“Preparation of flame-retarding poly(propylene carbonate)” Cyriac, A.; Lee, S. H; Varghese, J. K.; Park, J. H.; Jeon, J. Y.; Kim, S. J.; Lee, B. Y. Green Chem. 2011, 13, 3469-3475. DOI: 10.1039/C1GC15722A
During graduate school in California I was very aware of the tremendous amount of household furniture loaded with flame retardant polybrominated diphenyl ether chemicals. Those chemicals do a great job of reducing the flammability of numerous petroleum-based products. Unfortunately their non-covalent incorporation in the polymers speeds their environmental release. Once in the environment, they break down slowly and bioaccumulate. Additionally there are numerous human health and ecological concerns with these chemicals, including their association with decreased fertility in humans (ref). That is why this paper on flame-retarding poly(propylene carbonate) (PPC) caught my eye. Another reason could have been the flames in their graphical abstract!
As luck would have it the chemistry is neat too, flames aside. The researchers begin by highlighting (bragging about?) the fact that they have an actual pilot plant in which they use their cobalt-salen-based catalyst to polymerize CO2 and propylene oxide to PPC (Note: experiments from this study were not performed in the pilot plant). The catalyst displays high turnover frequency (15,000/h) and produces high molecular weight polymers (Mn = 300,000).
The fact that PPC is made from the greenhouse gas CO2 is its most obvious awesome feature compared to other polymers. The authors highlight another feature introduced by all the oxygen atoms in PPC, namely the polymer’s relatively low heat of combustion (18 GJ/ton) compared to petroleum (55 GJ/ton). Just FYI, this value for most non-oxygenated polymers is around 40 GJ/ton (ref). The authors also state that PPC burns “gently in air without emitting any toxic materials and without producing ash residue”. No reference is provided, which is quite unfortunate, but they do provide this photo that clearly shows PPC producing less polycyclic aromatic hydrocarbon-containing soot.
Various groups have shown that protic chemicals such as alcohols, carboxylic acids, or water can incorporate themselves into growing PPC polymer chains through chain transfer, in what has been dubbed “immortal polymerization.” This report is unique because they use various phosphorus-containing species as chain transfer agents, and show decreased flammability of the resulting PPC. Organophosphorus compounds are currently one of the most commonly-employed flame retardants in consumer products. With respect to industrial scale-up issues, the authors do own up to the scarcity of phosphorus, citing that it makes up only 1000 ppm of the earth’s crust.
They begin with the monoprotic chain transfer agent diphenyl phosphinic acid (Ph2P(O)(OH)) and show that increasing the amount of phosphinic acid relative to the catalyst results in lower molecular weight polymers.
At ratios of chain transfer agent to catalyst of 300:1 or above, the resulting PPC is “non-flammable.” They attribute this non-flammability to the “flame-retarding property of the organo-phosphorus end group.” Their flammability assay involved “igniting [the polymer] for minutes using a gas-lighter,” after which “a flame occurred but was quenched within a second.” This assay is unfortunately crude and would be difficult to reproduce precisely in other labs, but I don’t have any problem labeling a polymer that can withstand direct flame for “minutes” as “non-flammable”.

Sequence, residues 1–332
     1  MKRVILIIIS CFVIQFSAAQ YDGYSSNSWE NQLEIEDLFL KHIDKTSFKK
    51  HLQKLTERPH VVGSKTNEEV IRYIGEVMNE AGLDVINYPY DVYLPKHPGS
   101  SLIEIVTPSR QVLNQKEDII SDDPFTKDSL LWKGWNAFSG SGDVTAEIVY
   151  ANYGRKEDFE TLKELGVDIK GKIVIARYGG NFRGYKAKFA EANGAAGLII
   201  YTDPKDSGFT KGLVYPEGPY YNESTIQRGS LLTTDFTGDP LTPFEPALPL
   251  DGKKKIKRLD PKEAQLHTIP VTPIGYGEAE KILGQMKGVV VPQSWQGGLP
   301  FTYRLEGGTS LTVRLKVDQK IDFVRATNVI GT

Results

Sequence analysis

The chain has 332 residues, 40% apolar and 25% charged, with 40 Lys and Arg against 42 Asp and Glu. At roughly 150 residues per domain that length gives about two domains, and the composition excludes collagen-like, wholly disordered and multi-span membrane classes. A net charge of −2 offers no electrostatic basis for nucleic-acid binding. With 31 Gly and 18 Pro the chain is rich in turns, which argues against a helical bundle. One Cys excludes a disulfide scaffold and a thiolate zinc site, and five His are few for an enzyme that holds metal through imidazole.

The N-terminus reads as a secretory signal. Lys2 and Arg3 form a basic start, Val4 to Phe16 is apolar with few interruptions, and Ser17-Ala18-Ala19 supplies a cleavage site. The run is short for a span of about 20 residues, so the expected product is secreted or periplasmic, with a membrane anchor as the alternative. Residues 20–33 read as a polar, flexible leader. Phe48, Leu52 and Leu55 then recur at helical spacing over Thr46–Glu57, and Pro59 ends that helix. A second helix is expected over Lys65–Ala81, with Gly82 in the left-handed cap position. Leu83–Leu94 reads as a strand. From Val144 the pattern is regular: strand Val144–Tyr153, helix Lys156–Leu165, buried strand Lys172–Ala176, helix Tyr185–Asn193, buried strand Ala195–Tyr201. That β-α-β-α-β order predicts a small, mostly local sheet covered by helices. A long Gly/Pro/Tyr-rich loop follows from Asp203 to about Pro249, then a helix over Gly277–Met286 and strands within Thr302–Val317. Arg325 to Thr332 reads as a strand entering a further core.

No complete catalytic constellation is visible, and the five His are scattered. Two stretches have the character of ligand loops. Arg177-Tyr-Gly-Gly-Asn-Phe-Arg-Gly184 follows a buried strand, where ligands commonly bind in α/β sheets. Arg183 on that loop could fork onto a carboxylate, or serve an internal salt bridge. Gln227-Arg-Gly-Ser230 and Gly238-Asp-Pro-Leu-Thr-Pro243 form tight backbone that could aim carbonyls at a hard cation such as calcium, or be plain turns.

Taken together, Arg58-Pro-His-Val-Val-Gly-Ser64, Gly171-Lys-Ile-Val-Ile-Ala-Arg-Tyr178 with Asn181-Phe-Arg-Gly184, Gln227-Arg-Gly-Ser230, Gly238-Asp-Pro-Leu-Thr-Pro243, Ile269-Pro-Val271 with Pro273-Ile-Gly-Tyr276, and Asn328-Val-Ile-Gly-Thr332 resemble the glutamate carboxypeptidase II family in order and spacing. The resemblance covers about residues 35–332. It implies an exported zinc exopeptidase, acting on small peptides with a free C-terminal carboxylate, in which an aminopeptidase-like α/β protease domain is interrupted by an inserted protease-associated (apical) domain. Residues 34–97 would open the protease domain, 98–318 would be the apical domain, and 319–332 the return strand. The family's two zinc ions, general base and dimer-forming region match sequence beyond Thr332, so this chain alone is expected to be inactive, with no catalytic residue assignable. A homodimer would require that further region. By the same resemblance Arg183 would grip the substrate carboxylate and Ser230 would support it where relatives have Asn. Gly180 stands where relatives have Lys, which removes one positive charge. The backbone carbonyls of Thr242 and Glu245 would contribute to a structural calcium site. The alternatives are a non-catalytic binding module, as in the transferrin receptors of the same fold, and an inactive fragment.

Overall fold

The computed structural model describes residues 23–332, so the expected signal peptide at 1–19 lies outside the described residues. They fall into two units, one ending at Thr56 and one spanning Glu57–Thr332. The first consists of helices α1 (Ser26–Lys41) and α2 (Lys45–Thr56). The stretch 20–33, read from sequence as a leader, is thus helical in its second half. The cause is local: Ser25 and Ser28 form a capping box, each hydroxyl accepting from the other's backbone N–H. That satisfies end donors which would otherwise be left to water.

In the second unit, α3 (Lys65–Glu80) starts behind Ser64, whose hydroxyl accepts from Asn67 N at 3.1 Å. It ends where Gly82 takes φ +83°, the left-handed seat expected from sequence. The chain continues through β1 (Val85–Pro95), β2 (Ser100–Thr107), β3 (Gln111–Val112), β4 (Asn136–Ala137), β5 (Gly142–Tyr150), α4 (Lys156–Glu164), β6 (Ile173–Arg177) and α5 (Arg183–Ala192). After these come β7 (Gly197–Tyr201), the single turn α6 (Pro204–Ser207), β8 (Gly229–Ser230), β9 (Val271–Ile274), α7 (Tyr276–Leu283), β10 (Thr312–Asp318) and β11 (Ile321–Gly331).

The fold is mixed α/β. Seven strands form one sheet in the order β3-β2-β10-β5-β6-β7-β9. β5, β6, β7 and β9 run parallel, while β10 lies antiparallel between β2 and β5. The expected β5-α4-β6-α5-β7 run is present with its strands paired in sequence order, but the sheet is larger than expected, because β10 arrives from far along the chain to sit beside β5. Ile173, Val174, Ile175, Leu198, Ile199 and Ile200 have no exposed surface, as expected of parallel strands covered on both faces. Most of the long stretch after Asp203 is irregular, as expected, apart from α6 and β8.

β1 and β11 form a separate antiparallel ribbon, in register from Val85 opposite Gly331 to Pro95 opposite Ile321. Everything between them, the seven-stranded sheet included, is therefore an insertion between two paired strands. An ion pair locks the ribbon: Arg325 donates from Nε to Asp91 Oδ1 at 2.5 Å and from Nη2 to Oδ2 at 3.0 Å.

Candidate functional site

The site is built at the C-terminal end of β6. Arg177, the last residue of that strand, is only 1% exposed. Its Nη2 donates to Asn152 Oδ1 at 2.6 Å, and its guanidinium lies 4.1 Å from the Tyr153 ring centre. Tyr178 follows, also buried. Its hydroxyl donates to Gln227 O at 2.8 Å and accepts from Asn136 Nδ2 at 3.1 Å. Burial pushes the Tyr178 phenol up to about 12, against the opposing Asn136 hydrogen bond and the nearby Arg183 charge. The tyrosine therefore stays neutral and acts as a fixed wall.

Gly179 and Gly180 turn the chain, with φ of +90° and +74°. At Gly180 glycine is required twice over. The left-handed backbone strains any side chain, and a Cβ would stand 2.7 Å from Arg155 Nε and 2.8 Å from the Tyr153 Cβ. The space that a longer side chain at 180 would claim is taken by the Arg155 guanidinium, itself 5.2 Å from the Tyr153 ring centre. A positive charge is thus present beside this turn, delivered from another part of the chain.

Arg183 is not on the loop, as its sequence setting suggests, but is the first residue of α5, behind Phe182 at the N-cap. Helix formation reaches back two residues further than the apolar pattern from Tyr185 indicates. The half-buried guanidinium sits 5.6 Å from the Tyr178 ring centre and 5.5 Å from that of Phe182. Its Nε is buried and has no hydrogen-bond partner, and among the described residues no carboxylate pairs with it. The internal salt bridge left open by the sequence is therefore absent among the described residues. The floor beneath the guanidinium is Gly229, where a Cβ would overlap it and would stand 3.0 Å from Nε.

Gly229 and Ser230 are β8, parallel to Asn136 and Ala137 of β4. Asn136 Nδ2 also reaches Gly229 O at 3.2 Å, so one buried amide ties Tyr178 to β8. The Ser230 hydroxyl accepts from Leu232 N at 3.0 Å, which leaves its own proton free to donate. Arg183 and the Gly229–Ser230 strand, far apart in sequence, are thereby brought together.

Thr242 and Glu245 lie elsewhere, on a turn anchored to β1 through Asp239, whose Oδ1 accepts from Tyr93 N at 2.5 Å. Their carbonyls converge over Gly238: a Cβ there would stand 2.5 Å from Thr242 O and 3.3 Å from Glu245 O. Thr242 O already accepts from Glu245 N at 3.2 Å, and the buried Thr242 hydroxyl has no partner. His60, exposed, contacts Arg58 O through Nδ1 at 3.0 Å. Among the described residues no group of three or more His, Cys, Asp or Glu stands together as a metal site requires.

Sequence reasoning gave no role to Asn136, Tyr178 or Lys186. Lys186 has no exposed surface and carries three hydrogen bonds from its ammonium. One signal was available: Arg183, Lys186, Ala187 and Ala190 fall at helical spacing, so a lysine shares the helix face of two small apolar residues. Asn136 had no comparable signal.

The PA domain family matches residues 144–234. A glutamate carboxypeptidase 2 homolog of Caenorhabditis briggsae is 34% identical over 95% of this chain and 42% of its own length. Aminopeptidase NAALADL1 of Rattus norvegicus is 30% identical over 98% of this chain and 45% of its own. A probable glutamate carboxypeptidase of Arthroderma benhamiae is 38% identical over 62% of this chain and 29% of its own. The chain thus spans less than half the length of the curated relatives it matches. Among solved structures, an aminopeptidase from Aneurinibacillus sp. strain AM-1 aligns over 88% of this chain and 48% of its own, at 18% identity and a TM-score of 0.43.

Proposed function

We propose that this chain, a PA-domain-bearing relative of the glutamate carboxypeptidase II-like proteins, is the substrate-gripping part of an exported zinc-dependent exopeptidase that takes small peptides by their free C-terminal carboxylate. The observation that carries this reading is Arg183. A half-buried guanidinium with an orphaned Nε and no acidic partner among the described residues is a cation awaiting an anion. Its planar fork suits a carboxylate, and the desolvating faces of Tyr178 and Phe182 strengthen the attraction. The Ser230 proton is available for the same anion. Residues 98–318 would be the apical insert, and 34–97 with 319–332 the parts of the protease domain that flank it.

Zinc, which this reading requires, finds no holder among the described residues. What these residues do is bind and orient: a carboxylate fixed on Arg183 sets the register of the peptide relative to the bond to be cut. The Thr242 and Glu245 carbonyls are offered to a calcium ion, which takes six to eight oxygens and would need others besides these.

They go on to perform similar polymerizations with the diprotic chain transfer agent phenylphosphonic acid PhP(O)(OH)2 and triprotic chain transfer agent phosphoric acid. This creates PPC-diols and triols as shown below.
As they saw with the monoprotic example above, an increase in the ratio of chain transfer agent to catalyst causes an increase in the amount of phosphorus incorporated into the polymer chain. The reaction produces non-flammable PPC at ratios of 200:1 and 100:1 or above for the diprotic and triprotic chain transfer agents, respectively.
These PPC-diols and triols open up the possibility for creating polyurethanes by reacting them with a diisocyanate. They did just this by injecting toluene 2,4-diisocyanate into the PPC-diol-forming reaction.
Again, crude flammability tests revealed that this polyurethane was non-flammable. They attribute this flame resistance to the formation of phosphoric acid, which then dehydrates the polymer and aids in the formation of a protective black carbonaceous layer.
Finally, they compared their phosphorus-containing polyurethane to non-phosphorus-containing PPC as well as polystyrene in cone calorimetry studies, which revealed smaller total smoke release, smaller total heat release, shorter time to flameout, and smaller average mass loss for their flame-retarding polyurethane.
I think this is a great example of creative and simple green design. Building the flame-retardant right into the polymer chain will likely minimize issues associated with the release of non-covalently attached small molecule flame retardants from products. Let’s hope it doesn’t introduce any new issues! What do you think?